By Geoff Dornan
Appeal Capitol Bureau
The former head of electronic security for Nevada's Department of Information Technology has lost his claim he was illegally fired because he blew the whistle on missing CDs containing personnel data.
James Elste was terminated in July last year, he argued, because he reported and demanded action to notify state workers their personal identifying information might be in the wrong hands.
"I consider this action a direct reprisal to my identifying and reporting the security incident to the Department of Personnel and my concern for their failure to take appropriate action," he said in his challenge seeking reinstatement.
The security issue was raised over personnel's practice of sending CDs containing employee information to all agencies every pay period so the financial managers there could verify hours, overtime and other data. More than 13,000 CDs were sent out over a three year period with no system for tracking them. And the data - including Social Security numbers - wasn't even encrypted.
Personnel Manager Todd Rich said the entire system has since been changed. The CDs now require a password to access data and identifying information, including Social Security numbers replaced by a unique employee ID number. In addition, they must be accounted for after being used to reconcile timecards.
He also said all but a few of the missing discs have been accounted for and that there have been no reports that any of that data was used to steal a state worker's ID.
Elste said the lack of control over employee information constitutes improper governmental action, which means he is protected from retaliation or termination for reporting it.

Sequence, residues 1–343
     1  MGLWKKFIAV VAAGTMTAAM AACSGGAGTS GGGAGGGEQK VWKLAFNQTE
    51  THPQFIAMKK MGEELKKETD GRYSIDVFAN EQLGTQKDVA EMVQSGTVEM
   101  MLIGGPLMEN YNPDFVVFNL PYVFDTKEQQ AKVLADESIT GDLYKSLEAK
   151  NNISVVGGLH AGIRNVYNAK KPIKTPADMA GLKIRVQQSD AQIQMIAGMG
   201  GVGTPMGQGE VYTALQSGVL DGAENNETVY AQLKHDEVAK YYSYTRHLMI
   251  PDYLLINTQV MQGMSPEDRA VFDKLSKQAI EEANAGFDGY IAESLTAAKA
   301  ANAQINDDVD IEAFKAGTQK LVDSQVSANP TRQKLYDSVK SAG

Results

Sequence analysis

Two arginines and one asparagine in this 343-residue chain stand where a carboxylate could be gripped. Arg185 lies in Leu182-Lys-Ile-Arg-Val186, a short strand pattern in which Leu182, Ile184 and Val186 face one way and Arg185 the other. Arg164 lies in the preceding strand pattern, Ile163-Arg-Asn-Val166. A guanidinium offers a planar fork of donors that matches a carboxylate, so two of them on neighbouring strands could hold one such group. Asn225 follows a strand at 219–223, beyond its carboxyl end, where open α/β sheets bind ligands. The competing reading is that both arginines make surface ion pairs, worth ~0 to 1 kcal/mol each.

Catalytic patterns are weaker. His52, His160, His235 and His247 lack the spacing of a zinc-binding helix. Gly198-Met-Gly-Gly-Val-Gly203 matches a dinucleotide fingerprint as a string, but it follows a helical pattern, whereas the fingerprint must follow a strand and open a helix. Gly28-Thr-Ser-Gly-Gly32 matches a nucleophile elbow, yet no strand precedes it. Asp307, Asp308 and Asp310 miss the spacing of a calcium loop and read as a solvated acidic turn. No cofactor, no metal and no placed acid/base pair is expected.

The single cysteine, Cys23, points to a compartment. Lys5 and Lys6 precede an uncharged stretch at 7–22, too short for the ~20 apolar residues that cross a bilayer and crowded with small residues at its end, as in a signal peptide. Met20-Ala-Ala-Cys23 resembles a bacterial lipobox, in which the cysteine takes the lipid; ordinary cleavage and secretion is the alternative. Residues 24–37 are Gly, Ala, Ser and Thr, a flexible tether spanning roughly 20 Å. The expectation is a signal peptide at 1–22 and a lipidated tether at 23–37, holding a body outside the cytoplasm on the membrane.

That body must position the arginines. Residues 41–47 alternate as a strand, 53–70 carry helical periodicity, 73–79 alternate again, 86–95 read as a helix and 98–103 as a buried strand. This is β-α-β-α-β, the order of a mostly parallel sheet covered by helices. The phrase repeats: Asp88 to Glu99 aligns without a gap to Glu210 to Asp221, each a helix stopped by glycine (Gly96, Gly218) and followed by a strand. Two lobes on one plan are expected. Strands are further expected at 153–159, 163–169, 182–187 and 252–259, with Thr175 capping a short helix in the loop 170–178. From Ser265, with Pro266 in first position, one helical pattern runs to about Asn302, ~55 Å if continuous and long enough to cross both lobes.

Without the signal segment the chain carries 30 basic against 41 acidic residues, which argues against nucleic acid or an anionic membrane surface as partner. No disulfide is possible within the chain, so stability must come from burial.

Hearing officer Bill Kockenmeister held four days of hearings into Elste's petition last year. In his opinion issued Monday, he ruled that Elste had "failed to sustain his burden that he was terminated for disclosing improper governmental action."
His 49-page opinion says the evidence indicates Elste's recommendations for handling the CD issue were mostly adopted and that no one was angry at him for pointing out the issue.
"Even if Petitioner had made such a showing, his conduct after he was informed of his termination would preclude reinstatement."
Elste admitted during the hearing that he became loud and used profanity after DOIT Manager Dan Stockwell told him he was fired.
There was also testimony during the hearings that Elste had been nearly fired once before for his abusive and aggressive behavior with other employees and workers from other agencies. Other workers testified they too had feared for their safety in arguments with Elste.
Kockenmeister said his conduct the day of his termination was inexcusable.
"Numerous witnesses testified that they feared for their safety as a result of Petitioner's profane and aggressive tirade," he wrote.
"Simply put, Petitioner's conduct after his termination precludes Petitioner from continued employment and deprives him of any remedy even if it was determined that his termination was in retaliation for his disclosure of improper governmental action."
Elste could appeal the ruling to district court.
• Contact reporter Geoff Dornan at email@example.com or 687-8750.